Claremont Insider: CUSD Moves Forward on Base Line Rd. RV Lot

Thursday, March 6, 2008

CUSD Moves Forward on Base Line Rd. RV Lot

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The Claremont 400 really do not like people who live along Base Line Rd. At least, that's what you'd figure when you consider that it's only been a very short time since they failed to jam a faulty affordable housing project in at the northeast corner of Towne Ave. and Base Line Rd. Now comes Round II for Base Line Rd. residents and property owners.

The Claremont Unified School District (CUSD: A wholly-owned Claremont 400 subsidiary) last month approved going forward with turning the district's property at Mountain Ave. and Base Line into an RV and boat storage lot.

We came across this story last July when the CUSD board first approved a conceptual plan for the property. At that time, the district announced its intention to move the offices that are currently on the RV site to another property on San Jose Ave.

The matter came before the CUSD board again in February in the form of an actual plan. The Daily Bulletin's Will Bigham covered the CUSD RV yard proposal in a February 26th article.

People who have neighboring properties aren't too happy about the district's actions. Bigham quoted Saul Jaffe, who owns the property immediately to the east of the CUSD land and who wants to put in a 60-unit condo development there:

A group of nearby residents and property owners spoke out against the project at the board meeting, citing potential problems they said make the project incompatible with the surrounding area.

Saul Jaffe, owner of an adjacent property that has been approved for a 60 condominiums, said the district's plan would make it more difficult for him to sell units that overlook the storage facility.

Jaffe also said the district's plan conflicts with the zoning of the land, which calls for office/professional use.

"It's not the type of use you would expect right next to each other," Jaffe said. "It's not what you would consider good planning."

Jaffe said the district would likely need a conditional-use permit from the city's Planning Commission before moving forward.

According to the Bigham article, CUSD officials say that they will have to come up with $4 million to build the project. The district anticipates taking out loans for the financing and then using the money generated by the storage facility to pay back the loans.

District officials claim that the project will generate $615,000 a year. We wonder about their figures, though. After all, these are the same folks who managed to misspend over $48 million of Measure Y money from 2000. We wouldn't even be talking about the need for the RV park if they had acted more responsibly with our tax dollars.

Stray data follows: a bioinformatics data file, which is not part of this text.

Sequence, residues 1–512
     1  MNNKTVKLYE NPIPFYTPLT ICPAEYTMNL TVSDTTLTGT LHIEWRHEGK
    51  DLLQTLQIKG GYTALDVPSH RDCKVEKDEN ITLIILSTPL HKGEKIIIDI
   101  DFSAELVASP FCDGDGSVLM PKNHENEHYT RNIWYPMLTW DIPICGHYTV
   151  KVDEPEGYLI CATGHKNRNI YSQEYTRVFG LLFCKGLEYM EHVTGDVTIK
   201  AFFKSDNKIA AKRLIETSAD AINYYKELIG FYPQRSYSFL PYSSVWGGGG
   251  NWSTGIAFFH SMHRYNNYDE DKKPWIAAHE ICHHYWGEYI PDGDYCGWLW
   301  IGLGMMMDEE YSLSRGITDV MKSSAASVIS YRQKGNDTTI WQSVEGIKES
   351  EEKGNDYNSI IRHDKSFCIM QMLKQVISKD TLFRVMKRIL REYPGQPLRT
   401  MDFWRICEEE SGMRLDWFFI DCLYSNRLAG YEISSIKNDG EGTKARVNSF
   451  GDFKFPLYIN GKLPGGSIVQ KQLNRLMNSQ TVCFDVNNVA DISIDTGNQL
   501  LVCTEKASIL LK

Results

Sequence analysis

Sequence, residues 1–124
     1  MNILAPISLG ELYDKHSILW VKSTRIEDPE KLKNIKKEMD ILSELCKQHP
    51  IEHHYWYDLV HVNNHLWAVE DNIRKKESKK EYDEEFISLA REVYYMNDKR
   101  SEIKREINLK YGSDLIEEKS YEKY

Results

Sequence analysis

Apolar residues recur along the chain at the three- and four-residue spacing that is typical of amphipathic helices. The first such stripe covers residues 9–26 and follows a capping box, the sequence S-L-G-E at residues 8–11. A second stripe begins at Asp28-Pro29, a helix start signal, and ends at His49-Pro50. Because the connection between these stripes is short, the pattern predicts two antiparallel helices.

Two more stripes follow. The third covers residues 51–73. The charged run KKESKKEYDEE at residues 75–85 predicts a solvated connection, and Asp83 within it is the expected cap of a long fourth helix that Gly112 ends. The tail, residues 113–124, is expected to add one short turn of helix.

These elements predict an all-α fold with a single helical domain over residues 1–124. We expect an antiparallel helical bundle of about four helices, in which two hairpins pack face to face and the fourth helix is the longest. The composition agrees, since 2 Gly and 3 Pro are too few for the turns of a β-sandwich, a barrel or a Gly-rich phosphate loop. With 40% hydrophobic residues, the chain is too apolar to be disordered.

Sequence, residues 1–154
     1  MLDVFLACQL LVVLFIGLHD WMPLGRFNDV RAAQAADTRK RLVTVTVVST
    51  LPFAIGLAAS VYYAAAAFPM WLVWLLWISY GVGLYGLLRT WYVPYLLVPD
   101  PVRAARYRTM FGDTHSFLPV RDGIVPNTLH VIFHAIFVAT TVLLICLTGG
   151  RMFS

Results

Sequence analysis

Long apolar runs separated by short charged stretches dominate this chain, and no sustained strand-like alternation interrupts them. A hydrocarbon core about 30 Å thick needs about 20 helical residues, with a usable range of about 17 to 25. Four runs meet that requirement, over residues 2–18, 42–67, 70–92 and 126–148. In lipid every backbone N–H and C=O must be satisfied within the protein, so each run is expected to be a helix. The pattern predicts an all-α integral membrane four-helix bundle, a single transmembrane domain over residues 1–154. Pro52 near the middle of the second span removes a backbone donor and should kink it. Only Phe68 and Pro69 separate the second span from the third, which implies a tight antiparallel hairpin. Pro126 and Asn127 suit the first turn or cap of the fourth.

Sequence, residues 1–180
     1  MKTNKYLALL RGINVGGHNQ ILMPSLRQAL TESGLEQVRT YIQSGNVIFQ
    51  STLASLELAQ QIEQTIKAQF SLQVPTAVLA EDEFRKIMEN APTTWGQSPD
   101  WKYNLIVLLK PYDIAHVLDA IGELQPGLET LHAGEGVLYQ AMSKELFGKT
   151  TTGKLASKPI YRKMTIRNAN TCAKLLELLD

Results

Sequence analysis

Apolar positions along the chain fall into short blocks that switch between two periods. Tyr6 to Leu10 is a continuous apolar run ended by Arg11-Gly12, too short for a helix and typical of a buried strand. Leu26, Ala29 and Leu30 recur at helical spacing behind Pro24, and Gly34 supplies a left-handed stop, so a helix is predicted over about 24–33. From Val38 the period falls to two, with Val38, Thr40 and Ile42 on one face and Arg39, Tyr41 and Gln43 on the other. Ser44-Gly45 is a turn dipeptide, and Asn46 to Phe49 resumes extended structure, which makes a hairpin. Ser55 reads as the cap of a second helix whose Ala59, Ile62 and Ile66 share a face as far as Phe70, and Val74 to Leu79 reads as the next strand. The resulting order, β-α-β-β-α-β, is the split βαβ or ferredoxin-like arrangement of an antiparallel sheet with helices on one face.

And don't forget, the CUSD board is backed by a lot of the same people who stood by and allowed the city to invest over $5 million of the city's investment fund in the failed Orange County Investment Pool back in the early 1990's. They certainly seem attracted to the color red and to bankruptcy.

We know what you're thinking: A school district going into the RV storage business? That makes about as much sense as a city trying to become a housing developer.

But, hey, it could happen.

The project might pencil out, but it will likely have to be more intensively used than the district is letting on. Bigham reported that it will have at least 65 indoor storage spaces, with the potential for 55 more in a covered area and 98 outdoor spaces. The going rates for RV spaces at the Price Self-Storage facility in Solana Beach runs from $219 per month for an outdoor space to between $365-$449 a month for an indoor RV space.

Using the upper rate, CUSD's 65 indoor spaces would only net $350,220 a year (65 spaces times $449/month times 12 months). That would be far short CUSD's claimed $615,000 yearly net. They will certainly need to use as many of those extra covered and outdoor spaces as possible to reach their goal.

You have to wonder, too, what the effect of rising gasoline prices and the current economic downturn will have on the demand for RV's and boats, as well as places to store those things.

Another factor the CUSD board doesn't seem to have considered is the rising cost of bonded indebtedness. The mortgage crisis has spilled over into the municipal bond market, and it's getting more and more expensive for public agencies to get financing for projects, as the LA Times reported yesterday.

Still, with the Claremont 400, it's full speed ahead, as usual.